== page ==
5) How do you adjust to a contrived, techno-supported setting without an audience to communicate with? (except for the producer and recording engineer)
M.P. For me it is similar to practicing in a room without an audience. When I practice, I dive deeply into music. I don't care if there's an audience or not, so that was never an issue, or at least that is what I think and how I felt. What is important for me is to maintain strong concentration for many hours. Nevertheless, I am pretty sure that if these works were recorded live, my performance would be different.
6) How did you select your piano? Did you have a choice of instruments to try before embarking upon this undertaking?
M.P. It was a Steinway grand that I had performed on during the Cincinnati Competition. I remember this piano pretty well and I liked it, so I was happy that it was available for the recording sessions.
7) I noted that you have a Naxos disc (2012) that was a maiden solo recording venture. You recorded the works of Haydn, Scarlatti, Schumann and Zarate. How did this particular experience compare to the more recent one.
M.P. It was definitely a very different experience. The disc was recorded in Jaen Music Conservatory. They had a wonderful Steinway and a beautiful concert hall with fabulous acoustics, however the team did not give me sufficient time to record all those works, and it was quite a stressful experience, to be honest. The fun part was that I was told the bells of the church next door would ring on every hour, and I had to manage to record between their ringing. In the end, it was not an issue, because eventually the bells were not heard, but I thought it was quite an unusual setting.
8) What is your overall preference: to record or present LIVE recitals? And why?
M.P. Of course, my preference would be presenting live recitals, because it is less stressful, and much more natural, and I can communicate with my audience, something that is really important for me. Being on stage is a very special feeling that cannot be experienced during a recording session even if you record on stage and not in a studio. But I also want to have good quality recordings published; so far, I have three, including Naxos CD released in 2012 and another album with works for violin and piano by Spanish Romantic composers that was released many years ago, in 2002.
9) I admired the detailed Program Notes you prepared which help the listener navigate through the many variations in each set. You have a thorough understanding of the music from a theoretical, harmonic, and structural dimension, and you've included historical context.
Did you approach the initial study of these variations with framing perspectives that you reveal in your commentary?
M.P. I would say yes and no. There were many things I discovered while working on the Variations. It is like a two-way street, you discover from learning, and you also apply your knowledge while working on the piece. I also think that when I was younger I did not appreciate this music in the same way as I do now, and as I mentioned earlier, I started working on Variations on a Theme of Chopin for the very first time when I was much younger. I don't think I perceived the structure in the same way, and I also did not work on Corelli at that time in order to realize how different these works are and how his language developed throughout thirty years.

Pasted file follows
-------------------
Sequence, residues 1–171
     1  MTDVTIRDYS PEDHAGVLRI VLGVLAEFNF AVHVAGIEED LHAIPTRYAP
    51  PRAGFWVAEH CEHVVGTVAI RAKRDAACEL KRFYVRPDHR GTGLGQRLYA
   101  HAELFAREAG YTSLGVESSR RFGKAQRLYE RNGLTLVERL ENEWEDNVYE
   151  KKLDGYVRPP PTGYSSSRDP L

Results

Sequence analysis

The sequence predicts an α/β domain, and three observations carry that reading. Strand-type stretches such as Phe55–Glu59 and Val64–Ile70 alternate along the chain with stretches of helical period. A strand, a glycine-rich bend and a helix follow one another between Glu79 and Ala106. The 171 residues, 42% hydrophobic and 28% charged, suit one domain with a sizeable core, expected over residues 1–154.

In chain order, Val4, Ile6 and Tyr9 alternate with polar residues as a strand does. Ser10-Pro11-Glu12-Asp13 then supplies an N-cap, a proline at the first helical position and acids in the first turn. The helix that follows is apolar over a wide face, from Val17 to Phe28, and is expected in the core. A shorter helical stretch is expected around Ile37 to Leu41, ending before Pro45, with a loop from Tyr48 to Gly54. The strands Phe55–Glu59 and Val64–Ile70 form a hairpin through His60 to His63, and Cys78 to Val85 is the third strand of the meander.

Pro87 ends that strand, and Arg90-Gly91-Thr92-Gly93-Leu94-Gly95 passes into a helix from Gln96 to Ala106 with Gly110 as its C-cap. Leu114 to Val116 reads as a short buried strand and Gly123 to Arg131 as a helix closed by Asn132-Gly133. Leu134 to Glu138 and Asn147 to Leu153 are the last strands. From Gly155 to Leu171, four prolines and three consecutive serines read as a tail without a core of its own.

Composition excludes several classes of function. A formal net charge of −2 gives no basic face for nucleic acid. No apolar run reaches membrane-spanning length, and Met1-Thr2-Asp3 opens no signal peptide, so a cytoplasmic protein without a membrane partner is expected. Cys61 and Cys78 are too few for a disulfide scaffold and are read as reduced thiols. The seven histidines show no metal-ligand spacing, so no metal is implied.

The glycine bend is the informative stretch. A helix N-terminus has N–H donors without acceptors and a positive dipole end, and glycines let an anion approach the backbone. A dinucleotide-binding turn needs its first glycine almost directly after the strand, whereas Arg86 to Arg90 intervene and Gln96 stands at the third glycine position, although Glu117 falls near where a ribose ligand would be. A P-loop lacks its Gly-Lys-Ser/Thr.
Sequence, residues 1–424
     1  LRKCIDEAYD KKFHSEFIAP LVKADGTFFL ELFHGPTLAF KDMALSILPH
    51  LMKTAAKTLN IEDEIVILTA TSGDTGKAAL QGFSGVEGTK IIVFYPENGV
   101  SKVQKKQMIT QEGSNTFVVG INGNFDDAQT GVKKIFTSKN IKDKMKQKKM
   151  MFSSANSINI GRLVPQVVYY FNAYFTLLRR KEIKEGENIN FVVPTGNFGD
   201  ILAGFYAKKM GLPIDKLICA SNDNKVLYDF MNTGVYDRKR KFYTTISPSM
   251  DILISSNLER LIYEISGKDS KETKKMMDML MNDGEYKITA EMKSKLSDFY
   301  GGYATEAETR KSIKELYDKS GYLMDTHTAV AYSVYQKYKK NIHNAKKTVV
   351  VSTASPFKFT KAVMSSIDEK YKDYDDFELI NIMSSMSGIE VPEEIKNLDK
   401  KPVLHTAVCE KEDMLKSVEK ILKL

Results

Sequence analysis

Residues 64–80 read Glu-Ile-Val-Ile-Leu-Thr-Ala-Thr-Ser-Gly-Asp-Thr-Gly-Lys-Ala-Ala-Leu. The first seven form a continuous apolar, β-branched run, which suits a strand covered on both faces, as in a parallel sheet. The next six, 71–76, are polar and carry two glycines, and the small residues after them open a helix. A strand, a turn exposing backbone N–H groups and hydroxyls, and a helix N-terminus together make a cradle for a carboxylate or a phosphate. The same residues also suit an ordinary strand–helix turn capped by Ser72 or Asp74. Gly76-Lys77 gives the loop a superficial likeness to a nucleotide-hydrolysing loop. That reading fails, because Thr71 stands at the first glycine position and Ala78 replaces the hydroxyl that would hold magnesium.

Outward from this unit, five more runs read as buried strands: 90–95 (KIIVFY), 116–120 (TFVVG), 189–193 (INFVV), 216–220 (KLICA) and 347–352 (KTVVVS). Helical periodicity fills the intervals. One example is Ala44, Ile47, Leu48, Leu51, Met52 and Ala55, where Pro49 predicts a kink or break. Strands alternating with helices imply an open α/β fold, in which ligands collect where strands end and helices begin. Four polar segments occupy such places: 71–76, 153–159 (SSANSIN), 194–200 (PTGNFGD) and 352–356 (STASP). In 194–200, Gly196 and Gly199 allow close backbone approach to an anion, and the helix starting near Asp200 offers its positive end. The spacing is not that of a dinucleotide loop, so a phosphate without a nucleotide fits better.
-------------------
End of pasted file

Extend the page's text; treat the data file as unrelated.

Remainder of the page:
10) The Variations seem to be well-ripened. Did your mother (your first teacher) mentor you on these variations, or were there other formidable teachers who did?
M.P. I had a chance to learn Variations on a Theme of Chopin with Alexander Toradze, and Corelli with Boris Slutsky. I am tremendously grateful for their time, their help, advice and inspiration. I also always play for my mother, and of course she had put her seeds into these works too.
11) What are your plans for the future as far as balancing LIVE recitals with recording?
M.P. Making recordings is not something I do very often, so most likely I will concentrate on performing concerts, and hopefully there will be another CD coming in the near future, I definitely have many ideas about what would be my next recording project.
12) How does your teaching expand your musical understanding, especially when you might be working with advanced piano students on this music?
M.P. When I teach, my concentration primarily is to expand a student's musical understanding by sharing with them my knowledge and my experiences. We explore together the musical score and discover the treasures. It's a mutual collaboration that works for them as well as for me.
13) Have you given any Masterclasses on these two sets of Rachmaninoff Variations, and do you plan any in the future?
M.P. Not yet, and if I do, that will be dangerous I am afraid of teaching pieces that have grown deeply in my heart.
Thank you, Marianna, for your generous time and thoughtful answers.
Samples of Prjevalskaya's exquisite performances at the International Chopin Piano Competition in Poland. (2010)
The Pianist's Website
My previous Word Press postings about the artist:
RECORDINGS with the performer as soloist
Original Content: World Piano Competition Winner, Marianna Prjevalskaya shares thoughts about Recording